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Human Reproduction - Menstural cycle | 12th Zoology : Chapter 2 : Human Reproduction

Chapter: 12th Zoology : Chapter 2 : Human Reproduction

Menstural cycle

The cycle of events starting from one menstrual period till the next one is called the menstrual cycle during which cyclic changes occurs in the endometrium every month.

Menstural cycle

The menstrual or ovarian cycle occurs approximately once in every 28/29 days during the reproductive life of the female from menarche (puberty) to menopause except during pregnancy. The cycle of events starting from one menstrual period till the next one is called the menstrual cycle during which cyclic changes occurs in the endometrium every month. Cyclic menstruation is an indicator of normal reproductive phase (Fig. 2.9).

Menstrual cycle comprises of the following phases

1.        Menstrual phase

2.        Follicular or proliferative phase

3.        Ovulatory phase

4.        Luteal or secretory phase

1. Menstrual phase

The cycle starts with the menstrual phase when menstrual flow occurs and lasts for 3-5 days. Menstrual flow is due to the breakdown of endometrial lining of the uterus, and its blood vessels due to decline in the level of progesterone and oestrogen. Menstruation occurs only if the released ovum is not fertilized. Absence of menstruation may be an indicator of pregnancy. However it could also be due to stress, hormonal disorder and anaemia.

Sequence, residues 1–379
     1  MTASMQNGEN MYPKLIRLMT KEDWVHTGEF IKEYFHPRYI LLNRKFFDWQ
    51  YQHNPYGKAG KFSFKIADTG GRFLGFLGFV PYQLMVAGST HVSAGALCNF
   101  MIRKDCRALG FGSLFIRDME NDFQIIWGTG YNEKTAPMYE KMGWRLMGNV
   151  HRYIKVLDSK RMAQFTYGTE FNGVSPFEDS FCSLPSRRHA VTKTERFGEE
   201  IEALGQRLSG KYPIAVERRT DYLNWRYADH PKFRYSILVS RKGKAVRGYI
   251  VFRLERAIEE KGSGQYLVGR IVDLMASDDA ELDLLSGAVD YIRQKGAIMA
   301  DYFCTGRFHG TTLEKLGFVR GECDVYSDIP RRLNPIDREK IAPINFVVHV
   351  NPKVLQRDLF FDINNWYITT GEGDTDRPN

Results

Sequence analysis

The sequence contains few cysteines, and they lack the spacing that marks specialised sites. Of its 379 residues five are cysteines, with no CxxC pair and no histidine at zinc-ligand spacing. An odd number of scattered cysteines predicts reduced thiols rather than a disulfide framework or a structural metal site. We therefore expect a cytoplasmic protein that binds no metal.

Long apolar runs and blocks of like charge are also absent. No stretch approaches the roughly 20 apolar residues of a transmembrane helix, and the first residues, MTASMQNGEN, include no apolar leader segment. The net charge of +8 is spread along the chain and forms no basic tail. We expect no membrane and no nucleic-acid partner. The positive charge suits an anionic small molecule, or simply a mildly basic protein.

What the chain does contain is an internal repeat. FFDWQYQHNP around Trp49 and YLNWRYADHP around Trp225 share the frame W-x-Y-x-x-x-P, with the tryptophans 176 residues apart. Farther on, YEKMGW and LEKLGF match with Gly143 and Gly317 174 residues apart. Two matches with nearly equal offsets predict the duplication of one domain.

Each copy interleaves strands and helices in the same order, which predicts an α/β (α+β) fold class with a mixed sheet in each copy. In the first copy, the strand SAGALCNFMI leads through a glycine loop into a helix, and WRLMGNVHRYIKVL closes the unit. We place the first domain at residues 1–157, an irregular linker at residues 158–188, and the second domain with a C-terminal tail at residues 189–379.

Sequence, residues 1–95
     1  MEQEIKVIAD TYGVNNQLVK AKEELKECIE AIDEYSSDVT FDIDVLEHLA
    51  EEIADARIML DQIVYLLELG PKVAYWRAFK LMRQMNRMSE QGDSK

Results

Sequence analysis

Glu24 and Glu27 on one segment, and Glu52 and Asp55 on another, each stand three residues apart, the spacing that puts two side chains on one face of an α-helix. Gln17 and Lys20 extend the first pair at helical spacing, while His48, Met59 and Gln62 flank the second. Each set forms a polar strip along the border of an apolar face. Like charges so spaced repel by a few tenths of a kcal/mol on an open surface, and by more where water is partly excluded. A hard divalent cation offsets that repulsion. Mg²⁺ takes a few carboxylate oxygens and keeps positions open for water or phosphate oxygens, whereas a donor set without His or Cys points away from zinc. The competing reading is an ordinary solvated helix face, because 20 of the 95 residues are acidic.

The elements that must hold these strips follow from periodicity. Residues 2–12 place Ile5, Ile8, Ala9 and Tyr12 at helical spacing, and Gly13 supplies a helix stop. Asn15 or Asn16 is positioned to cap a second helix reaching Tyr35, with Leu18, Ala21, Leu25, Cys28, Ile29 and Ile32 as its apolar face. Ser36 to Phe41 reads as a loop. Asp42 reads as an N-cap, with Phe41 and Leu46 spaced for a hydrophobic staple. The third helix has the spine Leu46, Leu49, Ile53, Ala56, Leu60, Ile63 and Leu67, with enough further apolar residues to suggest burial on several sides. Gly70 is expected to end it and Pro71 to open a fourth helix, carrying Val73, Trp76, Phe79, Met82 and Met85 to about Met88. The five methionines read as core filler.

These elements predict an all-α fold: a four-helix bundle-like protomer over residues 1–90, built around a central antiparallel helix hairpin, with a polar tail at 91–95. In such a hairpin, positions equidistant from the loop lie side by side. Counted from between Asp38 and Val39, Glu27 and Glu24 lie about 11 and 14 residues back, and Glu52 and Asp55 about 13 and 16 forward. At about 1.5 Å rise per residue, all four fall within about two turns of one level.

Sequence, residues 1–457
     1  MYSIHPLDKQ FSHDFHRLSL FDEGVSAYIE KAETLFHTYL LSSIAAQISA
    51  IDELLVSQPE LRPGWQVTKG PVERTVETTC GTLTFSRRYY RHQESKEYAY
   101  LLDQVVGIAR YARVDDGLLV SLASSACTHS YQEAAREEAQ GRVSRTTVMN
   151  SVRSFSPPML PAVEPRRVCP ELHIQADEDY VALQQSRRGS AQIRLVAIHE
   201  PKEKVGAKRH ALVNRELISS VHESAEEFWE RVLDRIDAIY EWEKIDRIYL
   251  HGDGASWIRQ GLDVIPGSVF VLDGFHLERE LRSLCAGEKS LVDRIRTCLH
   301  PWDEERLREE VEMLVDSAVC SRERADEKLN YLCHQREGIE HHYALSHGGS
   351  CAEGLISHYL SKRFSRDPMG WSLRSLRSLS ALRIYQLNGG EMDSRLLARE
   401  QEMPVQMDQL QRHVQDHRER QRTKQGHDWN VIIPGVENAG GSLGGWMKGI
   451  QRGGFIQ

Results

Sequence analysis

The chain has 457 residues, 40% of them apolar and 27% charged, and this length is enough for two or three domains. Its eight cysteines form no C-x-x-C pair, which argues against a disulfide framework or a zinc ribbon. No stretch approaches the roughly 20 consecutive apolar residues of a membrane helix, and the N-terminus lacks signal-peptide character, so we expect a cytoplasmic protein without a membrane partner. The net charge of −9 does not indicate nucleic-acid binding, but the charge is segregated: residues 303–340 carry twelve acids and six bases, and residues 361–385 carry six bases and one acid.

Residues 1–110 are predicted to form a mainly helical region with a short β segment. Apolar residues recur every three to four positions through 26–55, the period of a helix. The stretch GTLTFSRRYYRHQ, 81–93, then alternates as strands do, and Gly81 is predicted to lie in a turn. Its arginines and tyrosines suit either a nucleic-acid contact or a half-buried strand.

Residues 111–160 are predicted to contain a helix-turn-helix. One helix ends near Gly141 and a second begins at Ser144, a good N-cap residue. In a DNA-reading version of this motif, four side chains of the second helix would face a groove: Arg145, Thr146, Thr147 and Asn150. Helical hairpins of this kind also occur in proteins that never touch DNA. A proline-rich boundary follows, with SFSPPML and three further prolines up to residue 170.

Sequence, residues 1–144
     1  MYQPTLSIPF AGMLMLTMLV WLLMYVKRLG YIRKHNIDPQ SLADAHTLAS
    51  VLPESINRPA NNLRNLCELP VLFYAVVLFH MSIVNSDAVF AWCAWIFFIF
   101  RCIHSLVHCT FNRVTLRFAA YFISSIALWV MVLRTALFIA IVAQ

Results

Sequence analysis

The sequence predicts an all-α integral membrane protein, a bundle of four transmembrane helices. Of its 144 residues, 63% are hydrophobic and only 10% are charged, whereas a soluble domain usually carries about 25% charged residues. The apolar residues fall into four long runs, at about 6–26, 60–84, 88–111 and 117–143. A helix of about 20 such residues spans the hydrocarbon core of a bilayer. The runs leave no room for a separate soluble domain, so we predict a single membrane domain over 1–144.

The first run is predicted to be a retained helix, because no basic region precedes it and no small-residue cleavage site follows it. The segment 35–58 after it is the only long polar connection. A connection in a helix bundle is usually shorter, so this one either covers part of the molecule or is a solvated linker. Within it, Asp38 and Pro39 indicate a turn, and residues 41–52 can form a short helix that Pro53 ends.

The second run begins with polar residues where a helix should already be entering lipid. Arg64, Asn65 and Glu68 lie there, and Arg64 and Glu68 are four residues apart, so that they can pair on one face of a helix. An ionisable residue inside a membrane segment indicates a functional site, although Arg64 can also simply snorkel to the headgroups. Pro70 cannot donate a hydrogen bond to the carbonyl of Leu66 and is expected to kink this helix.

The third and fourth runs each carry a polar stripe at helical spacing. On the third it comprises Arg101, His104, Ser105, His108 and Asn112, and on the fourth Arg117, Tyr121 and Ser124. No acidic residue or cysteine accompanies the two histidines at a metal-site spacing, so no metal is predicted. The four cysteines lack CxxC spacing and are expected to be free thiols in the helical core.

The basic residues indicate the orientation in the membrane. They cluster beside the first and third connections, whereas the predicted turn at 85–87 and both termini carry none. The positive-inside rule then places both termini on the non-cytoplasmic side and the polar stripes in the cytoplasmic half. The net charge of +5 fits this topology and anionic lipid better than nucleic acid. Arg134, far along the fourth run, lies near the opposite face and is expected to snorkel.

2. Follicular or proliferative phase

The follicular phase extends from the 5th day of the cycle until the time of ovulation. During this phase, the primary follicle in the ovary grows to become a fully mature Graafian follicle and simultaneously, the endometrium regenerates through proliferation. These changes in the ovary and the uterus are induced by the secretion of gonadotropins like FSH and LH, which increase gradually during the follicular phase. It stimulates follicular development and secretion of oestrogen by the follicle cells.

3. Ovulatory phase

Both LH and FSH attain peak level in the middle of the cycle (about the 14th day). Maximum secretion of LH during the mid cycle called LH surge induces the rupture of the Graafian follicle and the release of the ovum (secondary oocyte) from the ovary wall into the peritoneal cavity. This process is called as ovulation.

4. Luteal or secretory phase

During luteal phase, the remaining part of the Graafian follicle is transformed into a transitory endocrine gland called corpus luteum. The corpus luteum secretes large amount of  progesterone which  is essential for  the maintenance  of the endometrium.If fertilisation takes place,  it paves way for the implantation of the fertilized ovum.

The uterine wall secretes nutritious fluid in the uterus for the foetus. So, this phase is also called as secretory phase. During pregnancy all events of menstrual cycle stop and there is no menstruation.

In the absence of fertilisation, the corpus luteum degenerates completely and leaves a scar tissue called corpus albicans. It also initiates the disintegration of the endometrium leading to menstruation, marking the next cycle.




PCOS is a complex endocrine system disorder that affects women in their reproductive years. Polycystic means ‘many cysts’. It refers to many partially formed follicles on the ovaries, which contain an egg each. But they do not grow to maturity or produce eggs that can be fertilized. Women with PCOS may experience irregular menstrual cycles, increased androgen levels, excessive facial or body hair growth (hirsutism), acne, obesity, reduced fertility and increased risk of diabetes. Treatment for PCOS includes a healthy lifestyle, weight loss and targeted hormone therapy.


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